The crescent moon cannot be seen with the naked eye until 15 hours have passed since the beginning of the cycle, and can only be seen through a telescope 12 hours after a new cycle begins. 

A record was created by Stephen O’Meara in 1990, who witnessed the closest thing to a new moon — or youngest moon — with his naked eye. The young crescent appeared in the sky 15 hours and 32 minutes after the new moon. 

Mohsen Mirsaeed surpassed that record in 2002, when he saw the crescent after 11 hours and 40 minutes of the new moon. 

To see the crescent moon clearly, it should be viewed from a high vantage point, far from heavily populated and built-up areas, and from natural and man-made obstructions that could obscure the sighting, such as mountains, hills and skyscrapers. The area should also be clear of atmospheric factors such as humidity and dust.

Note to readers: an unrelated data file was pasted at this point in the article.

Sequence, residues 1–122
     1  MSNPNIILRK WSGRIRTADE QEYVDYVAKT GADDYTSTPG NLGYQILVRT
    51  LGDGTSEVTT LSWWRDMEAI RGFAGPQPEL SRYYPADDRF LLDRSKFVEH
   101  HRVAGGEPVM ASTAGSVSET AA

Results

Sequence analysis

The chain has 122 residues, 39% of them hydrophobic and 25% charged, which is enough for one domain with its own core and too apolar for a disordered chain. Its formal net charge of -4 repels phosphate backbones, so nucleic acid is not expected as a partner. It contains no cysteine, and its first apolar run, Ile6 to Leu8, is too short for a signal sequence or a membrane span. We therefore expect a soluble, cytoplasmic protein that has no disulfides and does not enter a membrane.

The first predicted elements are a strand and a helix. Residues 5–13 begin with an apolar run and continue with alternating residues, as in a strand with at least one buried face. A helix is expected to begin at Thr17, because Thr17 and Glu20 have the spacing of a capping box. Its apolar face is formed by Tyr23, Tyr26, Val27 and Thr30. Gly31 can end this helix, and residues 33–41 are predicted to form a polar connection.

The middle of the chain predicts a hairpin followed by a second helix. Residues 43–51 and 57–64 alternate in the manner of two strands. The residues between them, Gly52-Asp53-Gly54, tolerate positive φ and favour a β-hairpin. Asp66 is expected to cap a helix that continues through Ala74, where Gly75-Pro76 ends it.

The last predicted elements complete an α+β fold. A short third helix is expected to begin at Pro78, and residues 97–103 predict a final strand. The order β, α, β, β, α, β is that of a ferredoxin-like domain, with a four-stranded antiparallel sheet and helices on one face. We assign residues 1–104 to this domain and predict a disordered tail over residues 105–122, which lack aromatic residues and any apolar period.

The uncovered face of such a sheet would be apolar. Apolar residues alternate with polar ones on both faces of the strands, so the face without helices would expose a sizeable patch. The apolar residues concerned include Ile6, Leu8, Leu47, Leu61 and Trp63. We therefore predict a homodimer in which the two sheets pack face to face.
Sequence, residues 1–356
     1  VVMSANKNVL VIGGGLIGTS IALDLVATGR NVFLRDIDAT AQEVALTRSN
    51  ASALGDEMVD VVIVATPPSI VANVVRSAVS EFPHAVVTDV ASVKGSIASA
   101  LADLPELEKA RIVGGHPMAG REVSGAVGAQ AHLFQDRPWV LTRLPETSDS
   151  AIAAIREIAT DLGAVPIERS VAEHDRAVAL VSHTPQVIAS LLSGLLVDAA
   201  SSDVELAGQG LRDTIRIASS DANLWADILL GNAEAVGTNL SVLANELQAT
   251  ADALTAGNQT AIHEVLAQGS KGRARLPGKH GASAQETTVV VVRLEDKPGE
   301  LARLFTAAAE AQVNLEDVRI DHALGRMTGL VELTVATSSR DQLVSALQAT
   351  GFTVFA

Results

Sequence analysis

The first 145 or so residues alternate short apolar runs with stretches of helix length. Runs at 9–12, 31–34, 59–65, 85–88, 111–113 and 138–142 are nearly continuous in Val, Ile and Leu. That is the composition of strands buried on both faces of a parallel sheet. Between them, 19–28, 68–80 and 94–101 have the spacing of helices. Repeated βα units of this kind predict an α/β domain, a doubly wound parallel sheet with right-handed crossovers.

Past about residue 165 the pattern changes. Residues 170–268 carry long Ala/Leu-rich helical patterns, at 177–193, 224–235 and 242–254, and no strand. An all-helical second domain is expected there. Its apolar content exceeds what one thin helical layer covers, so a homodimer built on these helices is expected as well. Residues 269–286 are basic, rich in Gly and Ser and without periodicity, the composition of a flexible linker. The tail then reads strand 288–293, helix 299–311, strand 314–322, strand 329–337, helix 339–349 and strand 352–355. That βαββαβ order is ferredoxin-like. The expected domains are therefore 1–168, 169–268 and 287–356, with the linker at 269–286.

Scholars and experienced astronomers are the only ones who can determine whether the crescent moon has arrived to dictate the beginning of the holy month. If they fail to witness the crescent moon on the 29th of the month, Ramadan will not start until after the 30th day of Shaaban. 

“Astronomical calculations indicate that the month of Shaaban is a 30-day full month, which means that Thursday, May 17, will be the first day of Ramadan,” said Khalid Saleh Al-Zaaq, a member of the Arab Union for Astronomy and Space Sciences. 

He said that Ramadan this year will be a 29-day month, with June 15 marking the first day of Eid.

Oman was the first country to declare that its Ramadan will begin on May 17, after no crescent was sighted on Tuesday, while Saudi Arabia, the UAE and Bahrain said they will begin fasting only once the crescent moon has been sighted and if it is not seen, they will wait until after the 30th day of Shaban.


Arabic anime voice actors prepare for new show at Riyadh expo

Updated 17 November 2019

Arabic anime voice actors prepare for new show at Riyadh expo

  • Waheed Jalal's voice acting as “Treasure Island” antagonist John Silver has captivated generations

RIYADH: Visitors to Riyadh’s first anime expo stopped by the first panel on Saturday unaware that they would be leaving the stage with memories renewed of their favorite voice actors of all time.